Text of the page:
Working as a seaman or maritime employee isn’t like most 9 to five jobs. Sailors, seamen, commercial fishermen, and other at-sea employees may go voyage-to-voyage for various employers on a contractual basis. Even long-term employees may have employment contracts.

Contractual obligations can sometime pose unique issues, including where a lawsuit must be filed. However, the terms within the contract don’t eliminate your rights once you are injured on the work.

Independent Contractors and New Orleans On-the-Job Injuries

The Jones Act protects seamen’s rights to recover after being injured on the work thanks to employer negligence. However, many employers will argue that folks working for them aren’t employees, but rather independent contractors.

An independent contractor may be a freelance who is hired to perform a selected service. within the shipping and maritime industry, seamen could also be hired to figure on a specific vessel on a specific voyage. Workers service to the corporate could end when the voyage ends. He or she may go for a completely different company on a special ship subsequent week.

After an injury, the employer may plan to use those argument to say that you simply aren’t an employee and thus , don’t qualify for protections under the Jones Act. However, albeit you’re on contract for a specific job and not a permanent employee, you continue to may qualify as an employee under the Act.

If you, as an employee, are under contract, the court may check out a spread of things to work out whether you qualify as an employee rather than an independent contractor, including:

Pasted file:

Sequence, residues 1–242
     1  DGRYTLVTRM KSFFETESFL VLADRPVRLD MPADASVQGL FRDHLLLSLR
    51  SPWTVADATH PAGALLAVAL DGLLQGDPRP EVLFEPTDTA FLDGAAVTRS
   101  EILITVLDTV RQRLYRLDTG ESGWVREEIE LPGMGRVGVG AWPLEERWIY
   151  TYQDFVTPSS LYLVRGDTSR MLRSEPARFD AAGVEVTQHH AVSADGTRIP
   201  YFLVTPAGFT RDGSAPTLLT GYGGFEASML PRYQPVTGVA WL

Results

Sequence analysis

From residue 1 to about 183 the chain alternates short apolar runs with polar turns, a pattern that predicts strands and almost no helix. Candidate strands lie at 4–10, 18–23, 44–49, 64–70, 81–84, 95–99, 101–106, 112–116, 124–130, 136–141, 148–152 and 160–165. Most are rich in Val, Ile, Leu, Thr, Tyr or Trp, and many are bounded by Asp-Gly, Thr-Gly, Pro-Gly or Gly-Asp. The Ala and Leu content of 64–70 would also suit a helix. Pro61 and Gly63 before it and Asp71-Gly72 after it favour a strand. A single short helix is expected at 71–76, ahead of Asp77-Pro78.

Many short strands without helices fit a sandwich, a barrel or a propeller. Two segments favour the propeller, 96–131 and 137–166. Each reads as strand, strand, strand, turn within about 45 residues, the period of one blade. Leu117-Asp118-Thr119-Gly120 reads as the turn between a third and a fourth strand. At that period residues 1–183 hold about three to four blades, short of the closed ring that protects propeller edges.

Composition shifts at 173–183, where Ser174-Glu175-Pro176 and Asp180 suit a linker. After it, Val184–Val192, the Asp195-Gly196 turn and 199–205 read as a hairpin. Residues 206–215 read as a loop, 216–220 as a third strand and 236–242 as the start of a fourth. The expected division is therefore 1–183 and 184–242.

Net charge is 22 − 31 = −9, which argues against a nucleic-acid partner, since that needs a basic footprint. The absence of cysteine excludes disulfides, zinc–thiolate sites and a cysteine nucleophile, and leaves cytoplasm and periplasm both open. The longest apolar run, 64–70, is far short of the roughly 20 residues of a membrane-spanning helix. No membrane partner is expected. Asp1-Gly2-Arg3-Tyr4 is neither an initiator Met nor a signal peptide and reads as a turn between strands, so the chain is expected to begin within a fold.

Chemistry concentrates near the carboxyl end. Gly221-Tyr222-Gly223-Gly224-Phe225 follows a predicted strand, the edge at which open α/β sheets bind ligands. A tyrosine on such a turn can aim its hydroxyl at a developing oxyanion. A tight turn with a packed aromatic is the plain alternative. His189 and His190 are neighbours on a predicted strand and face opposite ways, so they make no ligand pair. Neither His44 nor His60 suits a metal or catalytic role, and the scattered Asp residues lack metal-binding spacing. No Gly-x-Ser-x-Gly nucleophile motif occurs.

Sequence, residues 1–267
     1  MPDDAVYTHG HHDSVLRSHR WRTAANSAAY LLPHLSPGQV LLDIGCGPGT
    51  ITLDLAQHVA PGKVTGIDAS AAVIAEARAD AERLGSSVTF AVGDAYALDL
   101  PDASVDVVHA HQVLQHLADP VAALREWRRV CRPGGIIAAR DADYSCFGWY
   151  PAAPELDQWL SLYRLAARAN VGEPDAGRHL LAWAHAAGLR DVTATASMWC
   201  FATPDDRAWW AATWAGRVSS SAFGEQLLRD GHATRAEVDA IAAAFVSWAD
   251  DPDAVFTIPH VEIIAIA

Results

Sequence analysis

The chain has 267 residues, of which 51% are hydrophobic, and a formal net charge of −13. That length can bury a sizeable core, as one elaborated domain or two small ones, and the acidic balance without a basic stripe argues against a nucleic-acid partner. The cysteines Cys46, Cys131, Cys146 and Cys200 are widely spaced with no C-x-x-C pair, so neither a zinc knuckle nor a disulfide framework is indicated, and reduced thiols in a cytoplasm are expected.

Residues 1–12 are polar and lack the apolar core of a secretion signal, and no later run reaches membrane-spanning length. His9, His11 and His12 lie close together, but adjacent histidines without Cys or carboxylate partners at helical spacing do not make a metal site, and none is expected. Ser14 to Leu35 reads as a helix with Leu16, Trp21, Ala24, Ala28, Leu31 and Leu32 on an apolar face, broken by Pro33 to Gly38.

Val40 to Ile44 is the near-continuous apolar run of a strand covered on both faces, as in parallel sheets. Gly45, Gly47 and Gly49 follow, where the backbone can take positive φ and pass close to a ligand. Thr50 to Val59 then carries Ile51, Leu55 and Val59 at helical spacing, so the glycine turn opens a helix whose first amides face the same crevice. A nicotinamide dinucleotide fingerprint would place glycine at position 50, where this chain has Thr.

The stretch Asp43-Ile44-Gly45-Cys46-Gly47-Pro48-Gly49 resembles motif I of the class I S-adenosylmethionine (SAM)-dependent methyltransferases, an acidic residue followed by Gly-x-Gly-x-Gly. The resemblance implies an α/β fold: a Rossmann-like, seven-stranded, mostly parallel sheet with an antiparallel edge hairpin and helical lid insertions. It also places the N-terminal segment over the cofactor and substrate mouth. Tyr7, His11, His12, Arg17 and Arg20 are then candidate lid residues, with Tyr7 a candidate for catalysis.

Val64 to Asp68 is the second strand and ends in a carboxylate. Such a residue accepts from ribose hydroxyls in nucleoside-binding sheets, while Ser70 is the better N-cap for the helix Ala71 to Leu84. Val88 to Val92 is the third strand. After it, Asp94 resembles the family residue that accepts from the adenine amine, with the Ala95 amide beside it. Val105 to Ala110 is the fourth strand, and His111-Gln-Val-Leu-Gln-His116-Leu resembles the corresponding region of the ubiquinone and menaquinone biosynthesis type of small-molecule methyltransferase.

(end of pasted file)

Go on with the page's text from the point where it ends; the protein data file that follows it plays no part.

The amount of supervision placed on you;
The control over the small print of your work;
How you were paid;
The power of the employer to rent and fire workers; and
The nature of your relationship with the employer.
If you were on contract, but were under direct supervision, your supervisor had day-to-day control over what you were doing, you were paid by direct deposit and will not hire somebody else to try to to the work you were contracted to try to to , as an example , there’s an honest chance you’re an employee for the needs of the Act.

A similar analysis applies for contract workers under the Longshore and Harbor Workers Compensation Act if you’re a land-based maritime employee under contract. Contract maritime employees, under many circumstances, can even recover under maintenance and cure provisions, which permit for workers compensation-like payments and coverage of medical expenses.

Talk to Your Maritime Lawyer

Maritime Attorney for Contract Employees
Your contract does not have to stand in the way of you recovering for an on-the-job injury.
New Orleans maritime contract lawyers will fight for you. Contact Us Today